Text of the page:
Italian stocks are not often a bright spot in Europe. Indeed, the heavily-indebted economy’s flagship index, the FTSE MIB, has traditionally traded at a discount to peers. Yet over the past six months it has put in a turbocharged performance — and the rally may have further to run.
Italian equities certainly have some bounce this year. Italian stocks had taken a beating on the Ukraine crisis. At the end of last year, the index was trading at a 35 per cent discount to the MSCI Europe, compared to a historical 5 per cent according to analysis by Algebris, an asset manager.
Italy’s winning streak is largely down to its banks, which account for over a fifth of the index, and which have outperformed European peers by almost 20 percentage points. UniCredit leads the pack — its share price has doubled over the period. Smaller BPER and Banca Popolare Milano are up 80 and 70 per cent respectively.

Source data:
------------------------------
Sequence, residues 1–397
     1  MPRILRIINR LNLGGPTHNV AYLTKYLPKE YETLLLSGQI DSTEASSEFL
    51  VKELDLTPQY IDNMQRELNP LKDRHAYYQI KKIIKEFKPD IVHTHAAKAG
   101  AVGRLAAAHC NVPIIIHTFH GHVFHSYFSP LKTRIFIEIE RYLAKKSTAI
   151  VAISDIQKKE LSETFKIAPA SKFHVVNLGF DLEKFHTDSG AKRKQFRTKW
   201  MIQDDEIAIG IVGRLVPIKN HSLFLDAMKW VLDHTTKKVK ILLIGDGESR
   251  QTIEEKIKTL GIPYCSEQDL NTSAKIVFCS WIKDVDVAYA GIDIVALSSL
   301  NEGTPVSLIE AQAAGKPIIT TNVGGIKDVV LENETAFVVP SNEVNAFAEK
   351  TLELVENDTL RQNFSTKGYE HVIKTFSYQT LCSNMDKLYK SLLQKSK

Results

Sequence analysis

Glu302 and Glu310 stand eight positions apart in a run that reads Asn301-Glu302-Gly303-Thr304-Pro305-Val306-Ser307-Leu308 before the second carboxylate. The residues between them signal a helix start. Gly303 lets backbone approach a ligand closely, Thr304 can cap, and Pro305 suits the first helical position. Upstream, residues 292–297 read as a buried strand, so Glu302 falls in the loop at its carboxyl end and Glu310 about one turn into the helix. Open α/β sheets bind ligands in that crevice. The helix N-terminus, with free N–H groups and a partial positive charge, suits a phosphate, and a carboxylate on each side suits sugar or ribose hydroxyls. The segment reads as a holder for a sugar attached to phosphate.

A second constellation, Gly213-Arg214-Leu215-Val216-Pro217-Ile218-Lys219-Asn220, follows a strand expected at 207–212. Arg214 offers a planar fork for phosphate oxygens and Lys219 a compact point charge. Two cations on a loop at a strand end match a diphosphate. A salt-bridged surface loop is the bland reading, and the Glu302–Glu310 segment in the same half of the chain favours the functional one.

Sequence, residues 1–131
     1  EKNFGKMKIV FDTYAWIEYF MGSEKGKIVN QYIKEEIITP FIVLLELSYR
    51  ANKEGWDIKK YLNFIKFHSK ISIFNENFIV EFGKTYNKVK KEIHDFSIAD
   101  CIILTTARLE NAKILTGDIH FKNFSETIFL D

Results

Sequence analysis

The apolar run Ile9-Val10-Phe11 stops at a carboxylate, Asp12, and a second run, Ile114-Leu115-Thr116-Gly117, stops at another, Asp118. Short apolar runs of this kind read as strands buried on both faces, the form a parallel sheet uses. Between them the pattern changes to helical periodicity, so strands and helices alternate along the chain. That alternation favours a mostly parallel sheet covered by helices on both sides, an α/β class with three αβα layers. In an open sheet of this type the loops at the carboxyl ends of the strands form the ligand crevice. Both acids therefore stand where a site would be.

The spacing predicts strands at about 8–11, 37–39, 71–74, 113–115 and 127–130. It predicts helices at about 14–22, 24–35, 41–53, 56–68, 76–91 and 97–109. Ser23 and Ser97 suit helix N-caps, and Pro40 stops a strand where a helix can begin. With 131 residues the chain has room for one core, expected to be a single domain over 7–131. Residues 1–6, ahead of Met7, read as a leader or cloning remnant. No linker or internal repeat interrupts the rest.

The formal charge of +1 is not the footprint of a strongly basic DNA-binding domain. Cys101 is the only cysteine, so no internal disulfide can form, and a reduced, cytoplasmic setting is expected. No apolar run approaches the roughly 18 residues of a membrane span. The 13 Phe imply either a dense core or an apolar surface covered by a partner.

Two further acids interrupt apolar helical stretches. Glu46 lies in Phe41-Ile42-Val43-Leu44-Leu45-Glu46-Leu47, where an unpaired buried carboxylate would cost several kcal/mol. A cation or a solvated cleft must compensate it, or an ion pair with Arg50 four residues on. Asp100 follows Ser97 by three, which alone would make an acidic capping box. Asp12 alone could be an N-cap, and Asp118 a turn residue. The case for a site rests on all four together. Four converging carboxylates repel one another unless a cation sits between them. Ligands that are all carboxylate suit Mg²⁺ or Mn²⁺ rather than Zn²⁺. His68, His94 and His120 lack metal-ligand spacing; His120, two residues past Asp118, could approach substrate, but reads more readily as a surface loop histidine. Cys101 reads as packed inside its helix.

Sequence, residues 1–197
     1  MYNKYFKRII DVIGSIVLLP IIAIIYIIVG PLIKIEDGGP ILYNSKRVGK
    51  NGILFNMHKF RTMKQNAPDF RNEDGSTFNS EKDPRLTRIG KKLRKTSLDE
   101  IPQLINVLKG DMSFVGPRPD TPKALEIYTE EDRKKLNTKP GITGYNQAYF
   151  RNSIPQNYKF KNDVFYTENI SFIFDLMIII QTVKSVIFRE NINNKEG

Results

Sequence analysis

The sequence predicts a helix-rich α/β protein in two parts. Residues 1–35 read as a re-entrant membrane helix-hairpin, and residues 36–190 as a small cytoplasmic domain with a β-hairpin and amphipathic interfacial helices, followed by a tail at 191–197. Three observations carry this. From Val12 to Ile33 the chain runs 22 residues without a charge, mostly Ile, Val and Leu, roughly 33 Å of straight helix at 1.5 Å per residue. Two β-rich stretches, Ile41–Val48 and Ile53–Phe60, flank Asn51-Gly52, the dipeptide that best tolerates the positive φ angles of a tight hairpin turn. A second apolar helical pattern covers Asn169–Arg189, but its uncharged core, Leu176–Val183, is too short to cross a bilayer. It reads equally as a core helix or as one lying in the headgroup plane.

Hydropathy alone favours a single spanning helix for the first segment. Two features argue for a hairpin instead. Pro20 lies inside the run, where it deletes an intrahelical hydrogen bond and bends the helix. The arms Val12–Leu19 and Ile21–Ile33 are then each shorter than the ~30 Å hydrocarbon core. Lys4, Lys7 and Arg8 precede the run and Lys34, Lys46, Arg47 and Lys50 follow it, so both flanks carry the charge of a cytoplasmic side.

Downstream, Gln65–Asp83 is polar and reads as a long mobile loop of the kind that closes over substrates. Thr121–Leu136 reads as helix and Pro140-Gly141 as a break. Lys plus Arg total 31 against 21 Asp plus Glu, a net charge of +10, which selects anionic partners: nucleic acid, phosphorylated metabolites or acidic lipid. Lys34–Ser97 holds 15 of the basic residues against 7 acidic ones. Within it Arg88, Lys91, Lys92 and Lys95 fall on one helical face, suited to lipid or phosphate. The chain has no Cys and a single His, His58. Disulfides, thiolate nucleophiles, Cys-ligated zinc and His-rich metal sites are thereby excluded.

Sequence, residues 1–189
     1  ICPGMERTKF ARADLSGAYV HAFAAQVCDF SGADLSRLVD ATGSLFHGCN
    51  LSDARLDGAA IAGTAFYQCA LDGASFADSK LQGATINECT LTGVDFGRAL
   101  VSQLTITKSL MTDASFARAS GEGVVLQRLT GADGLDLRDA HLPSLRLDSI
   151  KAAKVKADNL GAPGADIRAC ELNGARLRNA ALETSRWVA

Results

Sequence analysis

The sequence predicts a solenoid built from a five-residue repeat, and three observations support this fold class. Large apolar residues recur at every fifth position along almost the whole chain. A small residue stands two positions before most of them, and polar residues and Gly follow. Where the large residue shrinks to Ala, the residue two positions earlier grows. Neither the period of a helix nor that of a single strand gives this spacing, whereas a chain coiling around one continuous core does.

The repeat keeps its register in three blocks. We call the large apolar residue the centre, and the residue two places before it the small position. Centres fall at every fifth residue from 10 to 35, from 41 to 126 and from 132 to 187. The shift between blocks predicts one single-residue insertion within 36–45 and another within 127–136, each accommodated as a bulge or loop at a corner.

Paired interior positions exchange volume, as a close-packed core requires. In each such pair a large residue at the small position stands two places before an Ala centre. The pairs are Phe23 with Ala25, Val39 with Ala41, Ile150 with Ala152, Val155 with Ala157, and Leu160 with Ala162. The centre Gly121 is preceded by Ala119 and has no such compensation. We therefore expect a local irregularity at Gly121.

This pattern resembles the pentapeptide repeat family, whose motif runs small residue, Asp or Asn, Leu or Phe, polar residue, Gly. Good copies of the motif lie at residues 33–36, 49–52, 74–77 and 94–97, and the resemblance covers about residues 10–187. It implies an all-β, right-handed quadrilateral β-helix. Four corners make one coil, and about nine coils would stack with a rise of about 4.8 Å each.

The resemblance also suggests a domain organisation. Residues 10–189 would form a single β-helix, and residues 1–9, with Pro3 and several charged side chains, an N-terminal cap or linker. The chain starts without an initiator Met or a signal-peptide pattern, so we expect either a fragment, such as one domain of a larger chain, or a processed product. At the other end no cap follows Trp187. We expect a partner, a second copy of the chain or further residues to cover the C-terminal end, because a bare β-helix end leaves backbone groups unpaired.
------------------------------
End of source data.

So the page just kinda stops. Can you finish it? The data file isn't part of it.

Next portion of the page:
Like many European banks, these have traded well below tangible book value for years. But Italian banks are more sensitive than most to interest rate hikes, with a high proportion of their loans on variable rates. They offer a leveraged play on any economic improvement.
Fears that a gas-price crunch might hobble the country’s manufacturing sector have proved exaggerated. In fact, the country’s sluggish economy may have actually picked up some steam. It grew by almost 4 per cent in 2022, according to the Bank of Italy, outperforming the rest of Europe.
There may be more to come. European post-pandemic funds — of which Mario Draghi’s government won a staggering €190bn (9 per cent of GDP) — are starting to flow through the economy. Also, a reopening of the Chinese economy should boost luxury and manufacturing companies, such as Moncler.
The Italian discount has narrowed this year but the market remains relatively cheap on 9 times forward earnings versus Europe on 13. Given that gap, Italian equities at least have a solid foundation to build upon.
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